Reconciling Risk: The Logics and Practices of Community Engagement in Exception from Informed Consent Research

Samantha sitting on a bench.




Assistant Professor of Anesthesiology & Critical Care at the Perelman School of Medicine. Associated Faculty, Anthropology

Project Summary



The critical state of patients admitted to the emergency department (ED) and short windows of opportunity for therapeutic/research interventions render informed consent challenging in the emergency medicine space. Following the 1981 release of Common Rule which elevated informed consent from the pinnacle of bioethics to legislation, emergency medicine research became obsolete given the ED’s poor conduciveness to informed consent. In 1996 the U.S. adopted 21 CFR 50.24 in response to emergency medicine (EM) clinicians’ grievances that many EM therapies were unproven or insufficient due to the lack of research. 21 CFR 50.24 permits exception from informed consent (EFIC) research in emergency medicine given that particular criteria are met. The criteria include two prerequisites for EFIC intervention deployment: 1) community consultation (CC -- a process by which clinician scientists elicit feedback about the proposed clinical trial from communities at-risk for enrollment) and 2) public disclosure (PD -- a process by which clinician scientists inform communities at-risk for enrollment about the study). However, the policy offers no guidance about how to engage lay populations in scientific research via CC and PD. To elucidate how medical decision makers put CC and PD into practice, interpret their purpose, and perceive their utility, I conducted nearly 30 interviews with EFIC research clinical coordinators and principal investigators from major U.S. academic hospitals. I also observed IRB meetings wherein members discussed research with persons of reduced capacity to consent. My data illustrates that EFIC research, and more specifically CC and PD, challenge clinician scientists to negotiate tensions between public health ethics, biomedical research ethics, and clinical ethics. I am currently modeling these negotiations to offer insight into how medical decision makers such as EM clinician scientists and IRB members construct their personal identities in the biomedical professional context.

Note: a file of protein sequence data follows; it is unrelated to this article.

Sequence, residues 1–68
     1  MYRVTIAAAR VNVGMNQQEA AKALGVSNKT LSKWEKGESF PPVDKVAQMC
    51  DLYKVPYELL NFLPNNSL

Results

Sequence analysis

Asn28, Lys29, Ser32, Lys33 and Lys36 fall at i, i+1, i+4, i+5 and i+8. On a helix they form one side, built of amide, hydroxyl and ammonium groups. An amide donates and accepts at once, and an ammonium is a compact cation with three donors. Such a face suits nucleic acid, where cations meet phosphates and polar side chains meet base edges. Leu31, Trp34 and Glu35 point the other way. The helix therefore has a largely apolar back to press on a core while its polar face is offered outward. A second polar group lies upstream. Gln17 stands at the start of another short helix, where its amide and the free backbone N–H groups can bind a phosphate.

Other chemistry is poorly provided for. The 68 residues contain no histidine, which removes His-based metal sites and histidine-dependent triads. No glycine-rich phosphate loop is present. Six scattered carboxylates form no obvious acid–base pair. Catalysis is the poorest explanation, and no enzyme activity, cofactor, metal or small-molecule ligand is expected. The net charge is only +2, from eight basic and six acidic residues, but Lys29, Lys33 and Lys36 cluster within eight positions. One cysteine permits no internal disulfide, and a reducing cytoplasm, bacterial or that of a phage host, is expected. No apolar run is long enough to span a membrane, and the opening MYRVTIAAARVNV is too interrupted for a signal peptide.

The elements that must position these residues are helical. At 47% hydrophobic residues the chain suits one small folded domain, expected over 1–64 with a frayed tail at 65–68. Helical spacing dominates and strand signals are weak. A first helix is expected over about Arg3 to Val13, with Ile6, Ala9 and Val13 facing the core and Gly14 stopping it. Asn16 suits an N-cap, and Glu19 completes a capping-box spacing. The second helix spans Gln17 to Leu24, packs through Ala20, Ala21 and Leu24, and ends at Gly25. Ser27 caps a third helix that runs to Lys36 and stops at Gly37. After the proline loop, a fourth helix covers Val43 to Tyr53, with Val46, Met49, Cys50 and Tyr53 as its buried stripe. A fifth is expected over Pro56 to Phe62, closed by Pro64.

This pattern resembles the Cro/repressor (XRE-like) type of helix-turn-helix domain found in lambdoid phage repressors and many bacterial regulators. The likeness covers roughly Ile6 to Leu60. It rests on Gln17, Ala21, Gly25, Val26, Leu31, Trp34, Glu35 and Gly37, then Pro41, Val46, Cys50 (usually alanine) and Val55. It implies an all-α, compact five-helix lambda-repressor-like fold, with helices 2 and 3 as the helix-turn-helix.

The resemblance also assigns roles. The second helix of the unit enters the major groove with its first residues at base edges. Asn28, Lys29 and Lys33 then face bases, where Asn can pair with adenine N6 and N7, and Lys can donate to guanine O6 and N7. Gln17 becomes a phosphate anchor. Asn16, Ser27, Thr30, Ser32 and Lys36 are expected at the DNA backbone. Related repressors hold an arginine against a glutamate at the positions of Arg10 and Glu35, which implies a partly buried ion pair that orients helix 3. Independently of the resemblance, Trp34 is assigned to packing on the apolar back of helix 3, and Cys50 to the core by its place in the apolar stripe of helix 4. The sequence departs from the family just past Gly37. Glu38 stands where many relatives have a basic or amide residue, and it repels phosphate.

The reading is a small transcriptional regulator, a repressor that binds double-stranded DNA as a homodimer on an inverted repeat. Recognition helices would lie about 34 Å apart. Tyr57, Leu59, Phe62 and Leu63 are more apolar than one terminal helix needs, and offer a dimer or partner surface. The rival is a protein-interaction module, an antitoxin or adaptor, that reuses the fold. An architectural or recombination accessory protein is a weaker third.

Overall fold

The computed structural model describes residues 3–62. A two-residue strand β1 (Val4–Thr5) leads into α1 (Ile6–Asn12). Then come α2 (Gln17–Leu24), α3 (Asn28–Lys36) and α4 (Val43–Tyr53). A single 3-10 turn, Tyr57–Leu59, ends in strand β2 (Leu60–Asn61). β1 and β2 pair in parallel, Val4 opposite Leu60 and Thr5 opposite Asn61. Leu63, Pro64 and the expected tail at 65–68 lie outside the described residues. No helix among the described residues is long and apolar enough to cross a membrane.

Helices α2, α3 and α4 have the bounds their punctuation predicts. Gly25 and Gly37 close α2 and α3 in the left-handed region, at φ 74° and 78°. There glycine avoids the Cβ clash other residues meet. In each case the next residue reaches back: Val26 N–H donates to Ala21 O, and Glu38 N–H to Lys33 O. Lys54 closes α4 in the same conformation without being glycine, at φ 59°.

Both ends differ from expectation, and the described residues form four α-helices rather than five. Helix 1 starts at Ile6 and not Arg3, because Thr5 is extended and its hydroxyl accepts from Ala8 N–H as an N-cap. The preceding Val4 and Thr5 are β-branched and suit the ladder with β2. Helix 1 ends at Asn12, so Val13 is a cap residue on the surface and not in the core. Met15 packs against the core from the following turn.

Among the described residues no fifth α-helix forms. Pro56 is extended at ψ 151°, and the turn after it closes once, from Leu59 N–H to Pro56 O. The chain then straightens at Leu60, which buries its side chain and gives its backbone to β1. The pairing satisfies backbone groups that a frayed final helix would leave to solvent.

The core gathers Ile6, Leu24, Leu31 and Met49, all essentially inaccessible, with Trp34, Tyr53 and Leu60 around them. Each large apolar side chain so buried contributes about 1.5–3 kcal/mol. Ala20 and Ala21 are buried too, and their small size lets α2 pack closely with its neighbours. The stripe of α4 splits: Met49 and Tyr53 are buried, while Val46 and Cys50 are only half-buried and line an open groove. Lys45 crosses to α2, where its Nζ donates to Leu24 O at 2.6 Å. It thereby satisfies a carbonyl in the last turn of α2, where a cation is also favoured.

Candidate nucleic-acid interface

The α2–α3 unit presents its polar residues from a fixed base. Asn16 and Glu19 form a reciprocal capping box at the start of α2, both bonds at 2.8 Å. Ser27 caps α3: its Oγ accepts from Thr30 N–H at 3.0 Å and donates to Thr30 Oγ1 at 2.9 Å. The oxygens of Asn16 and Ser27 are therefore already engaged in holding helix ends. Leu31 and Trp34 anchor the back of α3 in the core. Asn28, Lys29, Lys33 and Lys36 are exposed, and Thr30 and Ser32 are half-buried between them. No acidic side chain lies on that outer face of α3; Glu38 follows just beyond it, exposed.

This project maintains a strict ethnographic orientation which stands in stark contrast to other interdisciplinary projects that I have led. Not only did I hone my interviewing skills through this project, I began to develop an ethical code for interviewing: When and how do I probe about what? To what extent do I let the interviewee drive the interview versus curate the interview narrative myself by adhering strictly to a script? How do I reconcile my own positionality as the researcher with what the interviewee elects to tell me, or not to tell me? As I pursue my interest in public anthropologies (anthropology projects which address public priorities and involve lay publics in knowledge production), I will continue to introspect on the way that I understand expertise, as this project has spurred me to consider. I will continue to hone my interview ethics, and to iterate upon my understanding of what conclusions one can reasonably draw from data. I have extended this project into research proposals for PhD programs, and plan to further the work in graduate school.